(Corrects first paragraph to show plane missing for nearly two
By Andrea Shalal
WASHINGTON, March 20 A satellite image company
said on Thursday that the sheer number of images covering a
large swath of ocean contributed to a delay in revealing what
could be debris from the Malaysia Airlines jetliner
that has been missing for nearly two weeks.
DigitalGlobe Inc, a Colorado-based company that
collects imagery for the U.S. government and other countries, as
well as private companies, confirmed on Thursday that it had
collected satellite images on March 16 that appeared to show
debris that may be related to the disappearance of Malaysia
Airlines Flight MH370.
It said it provided the images to Australian authorities,
who released them earlier Thursday. DigitalGlobe said the
Australian government had begun combing through the imagery of
the current search area only in the last few days, after the
massive international effort was expanded to the southern Indian
Ocean region and waters near Australia.
Malaysian officials described the images as a credible sign
of a possible wreckage from the flight, which left Kuala Lumpur
on March 8 en route to Beijing with 239 people aboard and
vanished after about an hour of flight.
Australian authorities cautioned that the debris in the
pictures might not be related to the missing plane.
"Given the extraordinary size of the current search area,
the lengthy duration of the analysis effort was to be expected,"
DigitalGlobe spokesman Turner Brinton said in a statement.
Brinton said the company's five high-resolution satellites
capture more than 3 million square kilometers of earth imagery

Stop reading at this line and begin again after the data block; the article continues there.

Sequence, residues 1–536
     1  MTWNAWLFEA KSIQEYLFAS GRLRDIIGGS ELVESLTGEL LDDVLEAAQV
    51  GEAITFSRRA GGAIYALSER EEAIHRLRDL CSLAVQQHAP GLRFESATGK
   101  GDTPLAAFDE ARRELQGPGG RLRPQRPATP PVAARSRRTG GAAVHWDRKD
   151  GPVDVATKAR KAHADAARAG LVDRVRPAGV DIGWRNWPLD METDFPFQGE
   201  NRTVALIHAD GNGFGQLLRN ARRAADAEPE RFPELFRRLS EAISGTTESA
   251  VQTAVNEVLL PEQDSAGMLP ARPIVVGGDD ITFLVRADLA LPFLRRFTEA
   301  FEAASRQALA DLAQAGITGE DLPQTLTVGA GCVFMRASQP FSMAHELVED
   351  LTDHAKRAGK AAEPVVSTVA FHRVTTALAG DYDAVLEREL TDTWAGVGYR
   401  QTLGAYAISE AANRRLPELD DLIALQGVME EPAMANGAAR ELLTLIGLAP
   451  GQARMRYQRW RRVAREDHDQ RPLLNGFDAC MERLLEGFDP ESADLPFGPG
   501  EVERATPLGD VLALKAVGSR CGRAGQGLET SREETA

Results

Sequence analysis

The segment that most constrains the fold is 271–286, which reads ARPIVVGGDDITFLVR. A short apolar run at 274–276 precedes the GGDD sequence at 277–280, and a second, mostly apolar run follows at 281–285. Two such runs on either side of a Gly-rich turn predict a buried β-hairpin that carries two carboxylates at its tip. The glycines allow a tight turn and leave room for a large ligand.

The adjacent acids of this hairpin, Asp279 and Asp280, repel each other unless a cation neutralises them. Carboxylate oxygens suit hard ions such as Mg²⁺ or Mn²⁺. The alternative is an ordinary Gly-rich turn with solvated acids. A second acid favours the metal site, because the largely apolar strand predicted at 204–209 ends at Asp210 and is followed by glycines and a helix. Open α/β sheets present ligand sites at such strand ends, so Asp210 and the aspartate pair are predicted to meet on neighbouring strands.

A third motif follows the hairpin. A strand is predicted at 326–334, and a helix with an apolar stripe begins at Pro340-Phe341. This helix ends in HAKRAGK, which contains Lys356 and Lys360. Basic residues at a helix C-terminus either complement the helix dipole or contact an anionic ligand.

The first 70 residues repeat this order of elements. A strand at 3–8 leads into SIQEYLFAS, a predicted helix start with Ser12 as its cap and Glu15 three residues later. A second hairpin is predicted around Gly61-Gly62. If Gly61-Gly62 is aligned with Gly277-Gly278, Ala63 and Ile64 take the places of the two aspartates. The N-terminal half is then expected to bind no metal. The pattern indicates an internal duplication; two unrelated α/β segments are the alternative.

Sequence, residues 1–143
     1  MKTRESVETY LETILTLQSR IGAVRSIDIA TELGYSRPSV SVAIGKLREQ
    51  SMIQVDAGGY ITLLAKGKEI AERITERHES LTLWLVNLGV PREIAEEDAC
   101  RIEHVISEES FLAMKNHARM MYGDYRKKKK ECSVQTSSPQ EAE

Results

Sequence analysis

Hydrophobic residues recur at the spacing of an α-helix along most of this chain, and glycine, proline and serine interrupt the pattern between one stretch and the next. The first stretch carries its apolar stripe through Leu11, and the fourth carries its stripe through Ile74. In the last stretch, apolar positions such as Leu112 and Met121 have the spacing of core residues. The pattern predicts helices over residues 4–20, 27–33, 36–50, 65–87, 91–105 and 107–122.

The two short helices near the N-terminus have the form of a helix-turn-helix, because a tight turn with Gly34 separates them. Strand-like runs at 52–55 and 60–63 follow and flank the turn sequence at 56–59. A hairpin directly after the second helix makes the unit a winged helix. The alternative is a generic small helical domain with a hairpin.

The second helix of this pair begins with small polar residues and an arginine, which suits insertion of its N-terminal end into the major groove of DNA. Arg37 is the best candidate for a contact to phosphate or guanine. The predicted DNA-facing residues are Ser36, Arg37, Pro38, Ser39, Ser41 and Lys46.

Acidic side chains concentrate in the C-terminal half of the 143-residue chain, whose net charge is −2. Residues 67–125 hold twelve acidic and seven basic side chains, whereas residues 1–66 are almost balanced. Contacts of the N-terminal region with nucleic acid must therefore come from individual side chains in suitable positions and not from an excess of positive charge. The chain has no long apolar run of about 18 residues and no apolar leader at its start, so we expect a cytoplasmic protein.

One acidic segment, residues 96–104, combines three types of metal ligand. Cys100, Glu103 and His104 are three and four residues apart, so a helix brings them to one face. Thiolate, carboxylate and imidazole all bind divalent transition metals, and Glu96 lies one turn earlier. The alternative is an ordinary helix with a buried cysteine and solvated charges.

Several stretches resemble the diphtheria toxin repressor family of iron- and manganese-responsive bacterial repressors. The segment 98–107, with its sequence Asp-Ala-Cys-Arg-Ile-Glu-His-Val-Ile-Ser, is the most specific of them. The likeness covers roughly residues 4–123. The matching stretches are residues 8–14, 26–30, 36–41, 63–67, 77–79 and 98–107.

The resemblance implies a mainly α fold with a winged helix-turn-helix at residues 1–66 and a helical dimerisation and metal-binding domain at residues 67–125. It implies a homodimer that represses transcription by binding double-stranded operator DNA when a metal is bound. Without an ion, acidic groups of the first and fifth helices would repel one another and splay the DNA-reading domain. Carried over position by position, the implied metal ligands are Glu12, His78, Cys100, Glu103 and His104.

each day. "This volume of imagery is far too vast to search
through in real time without an idea of where to look," he said.
The large objects that Australian officials said were
spotted by satellite four days ago are the most promising find
in days as searchers scour a vast area for the plane.
The larger of the objects four days ago measured up to 24
meters (79 ft) long and appeared to be floating in water several
thousand meters deep, Australian officials said. The second
object was about five meters (16 feet) long.
Brinton declined comment on whether the debris was spotted
by DigitalGlobe's own analysts, government analysts or Internet
users participating in a "crowdsourcing" effort launched by the
company to help locate the plane.
Brinton said the images were captured on March 16 by the
company's Worldview-2 satellite at a resolution of about 50 cm,
and the company was continuing to collect imagery over the area
where the possible debris had been spotted.
DigitalGlobe said it had been collecting images over a
broader area than the official search area, while focusing the
efforts of its crowdsourcing volunteers on the search areas
identified by authorities. "The efforts of millions of online
volunteers around the world allowed us to rule out broad swaths
of ocean with some certainty," Brinton said.
(Reporting by Andrea Shalal; Editing by Leslie Adler)